• Re:No (Score:3, Informative)

    by r_jensen11 (598210) on Friday October 30, 2009 @01:49PM (#29926355)

    My Nokia has full GPS capabilities. This, combined with an Offline profile and maps of North America (I could do all continents if I plan on visiting them) saved on the phone, mean that I have a working GPS unit on the phone without the battery drain of a GSM or any other cell connection. The only thing which would require a connection to cell towers is if I wanted satellite pictures as opposed to maps. This is all a result of Nokia purchasing Navteq in 2007.

    Now if only Nokia would push its v31 firmware upgrade to the NAM models so that I can use my GPS program in landscape mode....

  • Re:No (Score:3, Informative)

    by badasscat (563442) <basscadet75&yahoo,com> on Friday October 30, 2009 @04:32PM (#29928533)

    Ironically, the places you need GPS the most are the places there is no cell phone coverage. As much as I like my Android its my Garmin that goes into the backpack.

    In other words, the way you personally use your GPS device must be the way everyone else does, right?

    You talk about putting your Garmin into your "backpack" and using it where there is no cell phone service. That's sounding to me like you're taking it hiking out in the back country. Which is fine, but that is not what most people use GPS for these days, nor is it what Google Navigation is intended for. It's intended for use while driving. (Indeed, many GPS devices produced these days will not work when off-road.)

    Most places in the United States where there's a road, there's cell phone service. No, maybe not on some rural route in Idaho, but certainly in the most populated areas. And while it may seem counterintuitive, it is actually more helpful to have GPS for car navigation in the most populated areas than it is in the least, the reason being that there are so many more roads, which means so many more turns. To get from my store in Manhattan to my home just outside the city - a distance of approximately 14 miles - requires something like 45 different maneuvers and the use of about that many different roads.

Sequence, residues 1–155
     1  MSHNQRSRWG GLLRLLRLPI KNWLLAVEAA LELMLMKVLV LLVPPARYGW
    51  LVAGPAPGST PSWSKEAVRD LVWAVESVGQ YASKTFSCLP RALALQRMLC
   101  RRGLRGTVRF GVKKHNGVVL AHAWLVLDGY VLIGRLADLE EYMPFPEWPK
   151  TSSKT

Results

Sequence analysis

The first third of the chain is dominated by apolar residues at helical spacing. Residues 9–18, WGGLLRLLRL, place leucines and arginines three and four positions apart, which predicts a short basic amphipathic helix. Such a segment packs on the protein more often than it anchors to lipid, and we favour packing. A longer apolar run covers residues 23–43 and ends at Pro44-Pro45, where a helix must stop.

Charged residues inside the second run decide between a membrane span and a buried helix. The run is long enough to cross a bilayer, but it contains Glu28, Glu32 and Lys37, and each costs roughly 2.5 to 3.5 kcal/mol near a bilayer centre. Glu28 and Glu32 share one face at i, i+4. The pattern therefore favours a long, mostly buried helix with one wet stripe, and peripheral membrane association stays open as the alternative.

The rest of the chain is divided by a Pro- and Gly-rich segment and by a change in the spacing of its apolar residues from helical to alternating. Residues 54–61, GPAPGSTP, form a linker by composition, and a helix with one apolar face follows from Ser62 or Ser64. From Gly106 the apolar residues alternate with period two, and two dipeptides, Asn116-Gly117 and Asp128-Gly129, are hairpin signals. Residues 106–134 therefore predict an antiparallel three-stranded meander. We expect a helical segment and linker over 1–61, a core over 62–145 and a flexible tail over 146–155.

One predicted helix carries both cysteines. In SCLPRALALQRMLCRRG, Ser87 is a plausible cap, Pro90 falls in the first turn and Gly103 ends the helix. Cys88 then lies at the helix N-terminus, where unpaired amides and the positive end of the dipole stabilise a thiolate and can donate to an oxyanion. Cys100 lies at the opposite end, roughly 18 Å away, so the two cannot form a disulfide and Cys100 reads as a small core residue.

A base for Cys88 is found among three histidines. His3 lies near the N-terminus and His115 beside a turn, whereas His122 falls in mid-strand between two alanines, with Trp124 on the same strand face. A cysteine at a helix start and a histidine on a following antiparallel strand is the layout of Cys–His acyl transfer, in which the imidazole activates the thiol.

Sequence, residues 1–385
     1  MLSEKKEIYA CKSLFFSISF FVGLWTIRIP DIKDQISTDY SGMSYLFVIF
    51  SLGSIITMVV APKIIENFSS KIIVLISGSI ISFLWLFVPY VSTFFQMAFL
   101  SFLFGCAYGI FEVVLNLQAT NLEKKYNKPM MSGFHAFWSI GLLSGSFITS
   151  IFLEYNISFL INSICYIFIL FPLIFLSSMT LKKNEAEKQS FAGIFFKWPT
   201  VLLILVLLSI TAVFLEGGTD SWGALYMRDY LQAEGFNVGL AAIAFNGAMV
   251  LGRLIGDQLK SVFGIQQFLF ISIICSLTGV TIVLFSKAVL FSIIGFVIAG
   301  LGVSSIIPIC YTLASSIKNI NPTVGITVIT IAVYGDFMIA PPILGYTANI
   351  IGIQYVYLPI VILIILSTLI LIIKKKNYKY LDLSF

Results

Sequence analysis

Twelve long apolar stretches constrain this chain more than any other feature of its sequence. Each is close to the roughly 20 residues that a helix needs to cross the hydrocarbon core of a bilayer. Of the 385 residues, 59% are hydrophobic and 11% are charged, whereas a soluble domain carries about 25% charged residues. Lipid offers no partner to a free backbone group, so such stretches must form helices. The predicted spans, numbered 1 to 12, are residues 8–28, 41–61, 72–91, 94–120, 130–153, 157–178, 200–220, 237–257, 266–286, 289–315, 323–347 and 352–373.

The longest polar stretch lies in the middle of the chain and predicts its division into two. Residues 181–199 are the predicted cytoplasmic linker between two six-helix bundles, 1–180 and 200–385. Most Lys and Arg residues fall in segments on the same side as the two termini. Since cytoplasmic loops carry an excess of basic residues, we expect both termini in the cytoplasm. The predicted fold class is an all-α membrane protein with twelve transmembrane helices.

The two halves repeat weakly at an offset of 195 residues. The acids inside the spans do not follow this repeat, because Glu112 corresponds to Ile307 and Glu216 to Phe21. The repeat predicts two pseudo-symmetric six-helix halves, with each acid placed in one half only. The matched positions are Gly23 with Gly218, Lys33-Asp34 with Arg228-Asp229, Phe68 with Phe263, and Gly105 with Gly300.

Now, the REAL killer app for Google Navigation, which will be apparent to all eventually if it isn't now, is free cloud-provided live traffic. Most current GPS devices that provide traffic info (and remember, they all force you to pay for it in some way) do it the old fashioned way, usually by subscribing to a service that's taking call-in reports from local police or utilities, or even individual commuters. This info is always old and often wrong. Google Maps' traffic is live, taken from the cloud. Right now, my wife and I have gotten into the habit of having our GPS hooked up and having one of our phones out with Google Maps loaded up to check traffic on our route. (Remember, this is New York.) And it's always right, but there's currently no easy way for us to do anything about it when our GPS device guides us into a "red" traffic area. (We can press the "detour" button, but that doesn't really guide us around traffic, just a pre-set distance.)

    It's going to be amazing having free live traffic data integrated into Google Navigation. The only thing I haven't seen is whether there's a way to tell the app to "avoid traffic" when constructing a route, or to "detour around traffic" if traffic develops along the way. But that should be pretty easy to add if they haven't already; just another little algorithm.

    And that's the *other* great thing about this - free updates. I had to pay $80 for map and interface upgrades to my Magellan Roadmate 2200T, and while it was worth it, they only ever produced that one update and I sure would have liked it to be free. Especially considering that the update itself has its own problems, which I have now just had to live with - for example, it now messes up the side of the street destinations are on about half the time. No way to fix this except to buy a new device with new software on it. It also constantly drives me into a dead end when I go to my mother's house - the map is out of date. Again, no more updates are coming - gotta buy a new device. Waste of money.